BATTLE OF BRITAIN TALK IN THE MUSEUM AT PETERSON AIR FORCE BASE, 2015
Standing at the podium I had my back to a restored Thunderbolt, so opened with: "I always feel nervous standing here because, even though we had Red Crosses all over our box cars stuffed with POWs, 9 of those things made 27 strafing passes at us as we raced across the field seeking ditches. They shredded the Australian beside me but all I got was a mouthful of mud as I flung myself into a ditch."
I also added: "I need to let you know that I, about 15 years ago,
along with 2 other RCAF, painted this entire hangar floor. You must agree it has held up quite well."
What you see before you is an old relic who is about to complete 96 voyages around the sun, but who, in all that time, has failed in his life-long quest to find a meaning for Life. Why does this globe, that could be a paradise for all, remain an ugly battleground?
Today, we recall the 1940 Battle of Britain which was a turning point in a war that had to be fought and it is right that we remember the sacrifices of those who made our victory possible.
But, there have been numerous books, movies, and speeches glorifying them, including my own words many times. I have known and corresponded with 33 authors on the WWII aerial combat, 2 in Argentina, 4 in Australia, 11 in Canada, 2 in Germany, 6 in the UK, and 8 in the US, 14 of the 33 in my home or theirs. 16 have used extracts from my book and I have used extracts from 5 of theirs. One author tells of the 10,000 Argentines who rushed to join the RAF.
I would also like to inject the neglected reminder that if Neville Chamberlain, the so-called appeaser, had not quietly placed orders for all the aircraft we needed, we would not have won.
Today, let me dwell for a few minutes on the sacrifices of some of those trapped on the side that lost the most, including the war.
Pre war, Roderich Cescotti joined the Luftwaffe in 1937 at age 18 because he wanted to fly. What a shock when he found himself flying bombers in the invasion of Norway and the Battle of Britain. Several times he was holed by Hurricanes, Spitfires, and flak. On his 12th raid, 15 Sep 1940, a Spitfire put 30 holes in his Heinkel 111K. He was badly crippled, barely managing to struggle home to his Belgium base where he crashed landed. As he struggled to get out of the wreck, Göring arrived for a surprise visit and all hands, including Rod, had to immediately assemble for inspection. When Göring saw this dirty and blood-stained man in the ranks he started to criticize, then grinned broadly on learning Rod’s story so ordered an aide to get an iron cross which he pinned to Rod’s torn uniform.
Seventeen years later, I met Rod when he led the first 300 cadets of the post-war Luftwaffe for pilot training at Centralia, Ontario, where I was Chief Ground Instructor. His was not an easy task as the Military was very unpopular in Germany so uniforms could not be worn in public and in Canada there was still resentment against all Germans.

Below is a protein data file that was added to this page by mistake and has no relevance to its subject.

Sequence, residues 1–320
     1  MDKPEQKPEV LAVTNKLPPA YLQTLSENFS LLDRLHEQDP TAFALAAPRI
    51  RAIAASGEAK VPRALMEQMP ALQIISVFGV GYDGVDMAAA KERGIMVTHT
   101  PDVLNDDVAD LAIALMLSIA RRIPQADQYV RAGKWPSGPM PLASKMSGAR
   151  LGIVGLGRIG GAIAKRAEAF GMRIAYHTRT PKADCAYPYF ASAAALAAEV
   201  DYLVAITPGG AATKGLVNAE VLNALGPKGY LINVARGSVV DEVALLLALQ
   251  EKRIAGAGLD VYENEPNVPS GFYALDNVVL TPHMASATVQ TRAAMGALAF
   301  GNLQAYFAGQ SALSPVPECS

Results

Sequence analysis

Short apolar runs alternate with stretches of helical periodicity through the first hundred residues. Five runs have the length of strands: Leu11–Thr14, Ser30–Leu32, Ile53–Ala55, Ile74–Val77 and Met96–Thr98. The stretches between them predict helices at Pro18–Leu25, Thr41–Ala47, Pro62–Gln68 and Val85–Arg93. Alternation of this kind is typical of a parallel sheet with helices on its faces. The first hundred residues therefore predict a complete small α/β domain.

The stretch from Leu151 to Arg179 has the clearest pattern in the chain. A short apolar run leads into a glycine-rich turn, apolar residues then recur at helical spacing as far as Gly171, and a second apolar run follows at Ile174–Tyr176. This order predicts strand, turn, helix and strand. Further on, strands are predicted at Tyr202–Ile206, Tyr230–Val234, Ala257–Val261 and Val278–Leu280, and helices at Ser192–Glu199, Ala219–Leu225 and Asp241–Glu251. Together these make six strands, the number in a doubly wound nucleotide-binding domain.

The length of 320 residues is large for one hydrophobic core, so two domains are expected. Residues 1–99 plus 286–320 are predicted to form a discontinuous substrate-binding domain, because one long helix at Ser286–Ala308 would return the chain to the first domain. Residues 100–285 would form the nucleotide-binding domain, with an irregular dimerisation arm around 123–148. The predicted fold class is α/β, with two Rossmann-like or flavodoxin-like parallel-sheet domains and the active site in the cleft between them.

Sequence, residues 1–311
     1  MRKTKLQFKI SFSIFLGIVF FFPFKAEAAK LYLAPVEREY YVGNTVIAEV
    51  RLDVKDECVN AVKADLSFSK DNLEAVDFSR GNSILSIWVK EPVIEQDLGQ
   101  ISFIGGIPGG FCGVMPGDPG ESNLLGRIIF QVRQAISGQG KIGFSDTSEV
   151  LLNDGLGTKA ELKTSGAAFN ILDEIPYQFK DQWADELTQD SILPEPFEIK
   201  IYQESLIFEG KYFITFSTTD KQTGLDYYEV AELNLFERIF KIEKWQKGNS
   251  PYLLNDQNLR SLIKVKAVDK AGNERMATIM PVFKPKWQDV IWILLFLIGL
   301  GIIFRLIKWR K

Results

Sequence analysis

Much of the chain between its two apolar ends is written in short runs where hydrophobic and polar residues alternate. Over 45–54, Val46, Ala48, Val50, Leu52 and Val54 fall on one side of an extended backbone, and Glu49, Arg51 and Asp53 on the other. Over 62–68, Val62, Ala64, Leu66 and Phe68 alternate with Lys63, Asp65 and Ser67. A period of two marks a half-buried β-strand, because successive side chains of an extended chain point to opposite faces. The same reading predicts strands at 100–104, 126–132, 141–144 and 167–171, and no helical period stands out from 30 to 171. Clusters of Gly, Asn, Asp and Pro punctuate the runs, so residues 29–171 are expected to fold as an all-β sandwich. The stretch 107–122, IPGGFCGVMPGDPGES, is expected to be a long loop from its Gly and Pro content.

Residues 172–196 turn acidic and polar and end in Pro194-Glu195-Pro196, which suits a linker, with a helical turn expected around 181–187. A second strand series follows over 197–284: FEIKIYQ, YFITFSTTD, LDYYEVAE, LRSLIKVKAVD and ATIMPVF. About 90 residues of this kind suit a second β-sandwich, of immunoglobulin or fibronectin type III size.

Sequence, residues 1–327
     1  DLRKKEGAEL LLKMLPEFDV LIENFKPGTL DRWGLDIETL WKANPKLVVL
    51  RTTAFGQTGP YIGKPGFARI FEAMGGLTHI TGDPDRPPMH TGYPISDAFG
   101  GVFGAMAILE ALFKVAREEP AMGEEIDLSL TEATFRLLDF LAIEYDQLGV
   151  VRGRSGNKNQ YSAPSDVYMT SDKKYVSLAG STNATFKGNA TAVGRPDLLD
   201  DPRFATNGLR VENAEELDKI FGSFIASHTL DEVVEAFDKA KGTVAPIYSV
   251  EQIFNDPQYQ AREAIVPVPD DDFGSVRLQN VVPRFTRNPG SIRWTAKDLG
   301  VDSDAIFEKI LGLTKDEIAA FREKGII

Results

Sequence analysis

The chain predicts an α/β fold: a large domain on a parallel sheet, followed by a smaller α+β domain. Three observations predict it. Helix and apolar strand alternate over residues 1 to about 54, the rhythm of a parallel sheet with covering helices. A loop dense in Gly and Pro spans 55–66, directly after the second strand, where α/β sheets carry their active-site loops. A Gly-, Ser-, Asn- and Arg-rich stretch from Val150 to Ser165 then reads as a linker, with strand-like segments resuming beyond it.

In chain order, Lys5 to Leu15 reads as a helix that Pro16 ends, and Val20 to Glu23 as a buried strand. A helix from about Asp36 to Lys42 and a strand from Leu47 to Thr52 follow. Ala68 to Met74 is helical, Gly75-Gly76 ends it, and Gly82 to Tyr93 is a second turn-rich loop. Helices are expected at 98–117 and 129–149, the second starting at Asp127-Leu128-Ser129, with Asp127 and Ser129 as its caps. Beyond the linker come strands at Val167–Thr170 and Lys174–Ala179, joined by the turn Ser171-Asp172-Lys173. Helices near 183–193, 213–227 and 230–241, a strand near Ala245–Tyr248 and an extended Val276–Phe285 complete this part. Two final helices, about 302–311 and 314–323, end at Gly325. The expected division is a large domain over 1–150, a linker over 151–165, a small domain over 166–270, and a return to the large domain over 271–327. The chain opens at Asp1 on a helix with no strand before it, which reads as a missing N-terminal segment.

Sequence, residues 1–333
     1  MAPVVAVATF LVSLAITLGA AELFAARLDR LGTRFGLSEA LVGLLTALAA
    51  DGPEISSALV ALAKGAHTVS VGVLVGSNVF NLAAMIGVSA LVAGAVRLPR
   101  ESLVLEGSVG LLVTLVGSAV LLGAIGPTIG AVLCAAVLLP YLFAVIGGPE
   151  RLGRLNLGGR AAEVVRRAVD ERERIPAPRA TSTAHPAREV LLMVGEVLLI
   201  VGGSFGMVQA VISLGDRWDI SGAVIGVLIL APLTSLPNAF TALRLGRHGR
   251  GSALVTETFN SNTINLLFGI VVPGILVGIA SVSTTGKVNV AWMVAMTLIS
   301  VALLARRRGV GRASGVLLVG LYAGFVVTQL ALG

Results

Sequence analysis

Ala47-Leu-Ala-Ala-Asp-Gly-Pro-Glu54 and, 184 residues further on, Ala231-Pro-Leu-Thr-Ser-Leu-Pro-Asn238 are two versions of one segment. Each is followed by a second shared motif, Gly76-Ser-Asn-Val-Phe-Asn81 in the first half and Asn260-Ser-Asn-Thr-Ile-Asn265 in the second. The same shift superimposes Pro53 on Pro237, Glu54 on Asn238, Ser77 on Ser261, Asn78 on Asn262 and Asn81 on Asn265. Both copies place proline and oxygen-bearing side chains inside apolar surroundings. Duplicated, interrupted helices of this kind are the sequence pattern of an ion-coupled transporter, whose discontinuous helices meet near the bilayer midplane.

He was grateful when he saw I was sincere in my welcome and when my family entertained his family several times in our home. We forged a lasting friendship.
Each course was half Canadian and half other NATO, so I paired each Canadian with a cadet from another country both for lodging and training. I sought private talks with as many cadets as I could. Joan and I organized dances every Wednesday evening for all cadets. I would send 2 large buses to London where a school official, Sylvia McPhee, would pack them with girls. I had the cadets write and perform a skit half way through the evening.
On one such evening in 1957, I was talking to a Luftwaffe cadet who mentioned that during the war he had been a high school student doing night duty manning an 88mm gun that could hurl shells up to 40,000 feet from a lone and isolated battery near Rotenburg that crippled my Halifax in March of 1943 and that he was manning that gun that night.
We did manage at much-reduced altitude and speed to carry on and bomb Berlin, but were easy prey for the fighter that finished us off near Hamburg on the way home.
We became good friends with this cadet, who was responsible for my downfall, and his friend (Rohde and Römer). They left us in 1958 with two large charcoal drawings they did of Bavarian pubs that still grace our recreation room.
Rod Cescotti and I maintained a correspondence as he served at many diplomatic and NATO posts in Europe, retiring as a Major General. He gave me copies of 5 of his books while he has copies of 2 of mine. He had flown practically every model of Luftwaffe bomber, fighter, and reconnaissance aircraft on all fronts. In 1987 he, and his wife, Otti, entertained us for a week in their Fürstenfeldbruk home near Munich.
His daughter, Viola, wrote us of his death in February 2015, at age 95.